Internet | Interviews

Learning From the Masters

1 Aug , 2008  

Written by Scott R. Caseley | Posted by:

Kane-Lewis Productions reveals both the unique and universal elements of the artist’s journey through the Maine Masters series; the story of Stephen Pace premieres this month.

Despite growing up as an avid fan of Ingmar Bergman, Richard Kane never considered film a career pursuit.  He was passionate about things as varied as theater, law, and politics, so he assumed those interests would lead him to law school.  It wasn’t until his sister got a job with a documentary film company in New York that he saw film as a viable plan.  Following a brief period as a journalist in San Diego, he began two years of graduate studies in film at Temple University. 

He was working at an Indiana public access affiliate when he met two people that led him to the making of his first film, Tough, Pretty or Smart:  Dillon Bustin, a folklorist and singer/songwriter, and Melody Lewis, who would later become Kane’s producer and wife.  Bustin introduced Kane to six fellows from coal mining backgrounds, aged 18-80, who had formed a string band.  Tough, Pretty or Smart documented their performances at the Kentucky Old Time Fiddle Festival.  The film went on to win Best Documentary Short at the Cork International Film Festival, which made it an automatic contender for the 1981 Academy Award.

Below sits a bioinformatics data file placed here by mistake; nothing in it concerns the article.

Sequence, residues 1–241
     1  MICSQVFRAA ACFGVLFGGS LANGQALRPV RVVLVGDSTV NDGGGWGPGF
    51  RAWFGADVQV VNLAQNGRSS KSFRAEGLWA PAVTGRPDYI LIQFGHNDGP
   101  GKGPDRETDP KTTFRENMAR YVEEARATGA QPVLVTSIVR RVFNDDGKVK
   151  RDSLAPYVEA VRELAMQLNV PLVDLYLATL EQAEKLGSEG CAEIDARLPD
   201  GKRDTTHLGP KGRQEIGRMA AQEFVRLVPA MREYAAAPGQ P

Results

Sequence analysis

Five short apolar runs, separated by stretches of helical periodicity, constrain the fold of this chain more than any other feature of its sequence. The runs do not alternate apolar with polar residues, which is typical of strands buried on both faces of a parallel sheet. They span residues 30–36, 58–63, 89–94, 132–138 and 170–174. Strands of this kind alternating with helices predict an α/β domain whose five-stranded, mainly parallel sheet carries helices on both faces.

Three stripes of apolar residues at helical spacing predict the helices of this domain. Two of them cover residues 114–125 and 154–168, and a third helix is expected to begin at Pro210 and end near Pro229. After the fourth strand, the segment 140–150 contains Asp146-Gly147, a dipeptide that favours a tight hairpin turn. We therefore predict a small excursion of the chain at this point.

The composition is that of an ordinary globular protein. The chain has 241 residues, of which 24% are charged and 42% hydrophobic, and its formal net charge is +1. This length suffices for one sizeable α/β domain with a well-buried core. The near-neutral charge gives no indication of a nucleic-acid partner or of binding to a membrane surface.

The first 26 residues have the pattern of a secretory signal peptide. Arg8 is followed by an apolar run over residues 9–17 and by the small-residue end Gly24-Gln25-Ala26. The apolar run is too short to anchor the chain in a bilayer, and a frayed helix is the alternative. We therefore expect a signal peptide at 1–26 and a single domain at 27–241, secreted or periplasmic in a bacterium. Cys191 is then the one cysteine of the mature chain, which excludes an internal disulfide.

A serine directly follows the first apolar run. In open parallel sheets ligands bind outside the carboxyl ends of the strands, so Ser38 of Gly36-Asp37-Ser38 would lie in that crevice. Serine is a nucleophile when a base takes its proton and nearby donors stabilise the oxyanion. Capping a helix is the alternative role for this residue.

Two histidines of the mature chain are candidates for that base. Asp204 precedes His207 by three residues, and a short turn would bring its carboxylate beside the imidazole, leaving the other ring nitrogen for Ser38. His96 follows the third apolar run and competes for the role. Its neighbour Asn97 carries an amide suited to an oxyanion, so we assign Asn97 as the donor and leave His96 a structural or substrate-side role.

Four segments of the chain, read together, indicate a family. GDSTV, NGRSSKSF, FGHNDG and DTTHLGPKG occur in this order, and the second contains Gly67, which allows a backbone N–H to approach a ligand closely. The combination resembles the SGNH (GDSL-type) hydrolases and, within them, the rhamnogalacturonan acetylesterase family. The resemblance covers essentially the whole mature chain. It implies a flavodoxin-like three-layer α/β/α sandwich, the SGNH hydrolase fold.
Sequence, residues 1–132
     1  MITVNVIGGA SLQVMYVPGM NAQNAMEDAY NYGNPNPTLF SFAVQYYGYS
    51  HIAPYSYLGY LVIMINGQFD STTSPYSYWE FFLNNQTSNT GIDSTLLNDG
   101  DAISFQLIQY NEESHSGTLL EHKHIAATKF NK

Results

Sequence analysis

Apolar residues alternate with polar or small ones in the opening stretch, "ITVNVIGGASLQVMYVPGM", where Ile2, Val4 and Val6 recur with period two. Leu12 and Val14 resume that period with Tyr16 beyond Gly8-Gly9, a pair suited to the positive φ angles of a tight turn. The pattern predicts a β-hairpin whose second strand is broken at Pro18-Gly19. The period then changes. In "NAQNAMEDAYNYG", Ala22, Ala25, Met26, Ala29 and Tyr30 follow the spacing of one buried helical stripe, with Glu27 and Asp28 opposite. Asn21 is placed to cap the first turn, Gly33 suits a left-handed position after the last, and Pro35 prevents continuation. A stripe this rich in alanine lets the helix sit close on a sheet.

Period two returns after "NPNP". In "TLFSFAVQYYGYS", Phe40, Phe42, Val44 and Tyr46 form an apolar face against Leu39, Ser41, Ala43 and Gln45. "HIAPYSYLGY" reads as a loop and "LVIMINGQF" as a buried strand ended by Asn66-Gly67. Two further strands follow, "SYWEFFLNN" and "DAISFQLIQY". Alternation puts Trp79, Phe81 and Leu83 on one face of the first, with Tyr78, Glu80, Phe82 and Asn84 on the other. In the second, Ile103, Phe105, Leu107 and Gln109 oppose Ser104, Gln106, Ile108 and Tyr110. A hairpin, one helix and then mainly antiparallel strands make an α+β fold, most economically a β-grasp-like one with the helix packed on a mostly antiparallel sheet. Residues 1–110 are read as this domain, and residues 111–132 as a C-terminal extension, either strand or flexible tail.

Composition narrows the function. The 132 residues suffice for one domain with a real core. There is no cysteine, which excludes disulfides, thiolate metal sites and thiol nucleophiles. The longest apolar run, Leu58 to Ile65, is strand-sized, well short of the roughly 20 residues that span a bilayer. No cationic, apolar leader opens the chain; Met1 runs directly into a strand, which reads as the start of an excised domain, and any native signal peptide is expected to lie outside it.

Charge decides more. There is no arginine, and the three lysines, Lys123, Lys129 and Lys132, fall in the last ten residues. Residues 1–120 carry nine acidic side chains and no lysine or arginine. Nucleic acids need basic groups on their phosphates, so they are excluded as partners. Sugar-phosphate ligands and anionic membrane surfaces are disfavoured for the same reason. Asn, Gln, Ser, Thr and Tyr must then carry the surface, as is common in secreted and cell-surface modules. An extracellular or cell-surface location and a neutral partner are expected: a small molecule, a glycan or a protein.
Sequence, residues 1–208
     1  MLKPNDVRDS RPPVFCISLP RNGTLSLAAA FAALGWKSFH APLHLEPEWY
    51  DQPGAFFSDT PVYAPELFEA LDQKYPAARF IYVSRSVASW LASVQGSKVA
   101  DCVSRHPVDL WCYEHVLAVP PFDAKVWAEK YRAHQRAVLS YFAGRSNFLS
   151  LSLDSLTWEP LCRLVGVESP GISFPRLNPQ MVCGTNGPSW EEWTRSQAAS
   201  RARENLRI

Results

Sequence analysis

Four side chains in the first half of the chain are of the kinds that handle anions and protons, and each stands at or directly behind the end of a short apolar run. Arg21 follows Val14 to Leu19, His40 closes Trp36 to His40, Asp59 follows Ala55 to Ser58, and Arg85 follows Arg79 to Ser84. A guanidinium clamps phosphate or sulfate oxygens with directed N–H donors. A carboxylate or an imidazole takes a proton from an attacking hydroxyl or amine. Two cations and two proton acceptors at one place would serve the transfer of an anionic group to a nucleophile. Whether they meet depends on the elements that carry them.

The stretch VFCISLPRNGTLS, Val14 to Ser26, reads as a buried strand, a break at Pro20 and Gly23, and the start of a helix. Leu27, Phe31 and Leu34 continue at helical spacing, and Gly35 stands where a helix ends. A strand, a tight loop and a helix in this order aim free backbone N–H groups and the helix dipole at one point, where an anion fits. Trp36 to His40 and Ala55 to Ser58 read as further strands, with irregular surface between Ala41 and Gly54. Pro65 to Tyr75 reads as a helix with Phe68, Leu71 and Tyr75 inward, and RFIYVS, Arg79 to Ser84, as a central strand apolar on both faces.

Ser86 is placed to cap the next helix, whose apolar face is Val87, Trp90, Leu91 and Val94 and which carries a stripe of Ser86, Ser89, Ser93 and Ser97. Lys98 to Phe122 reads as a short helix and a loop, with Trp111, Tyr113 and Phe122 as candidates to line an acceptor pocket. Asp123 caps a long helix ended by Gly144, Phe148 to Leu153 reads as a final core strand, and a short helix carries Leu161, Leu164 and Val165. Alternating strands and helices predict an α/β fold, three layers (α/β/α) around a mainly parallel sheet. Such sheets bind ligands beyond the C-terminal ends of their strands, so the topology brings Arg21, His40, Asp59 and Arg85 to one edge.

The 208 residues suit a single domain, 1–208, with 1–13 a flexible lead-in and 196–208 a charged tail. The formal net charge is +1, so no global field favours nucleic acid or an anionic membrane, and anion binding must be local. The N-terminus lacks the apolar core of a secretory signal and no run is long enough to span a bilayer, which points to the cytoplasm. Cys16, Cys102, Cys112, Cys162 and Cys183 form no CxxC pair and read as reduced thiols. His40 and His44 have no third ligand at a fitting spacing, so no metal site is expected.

Kane learned a lot from the process, including the art of grant writing, what it was like to work with an academic, how to document different cultures, and notably — how to film with a 16mm Éclair ACL camera.  But it was the personalities that resonated with him above all.  “I have long focused on ordinary people, or lesser-known people doing extraordinary things.  I might have a larger audience if I’d chose a subject like Bob Dylan, but I’m attracted to what is common and finding the beauty and truth in that,” he said in a recent interview with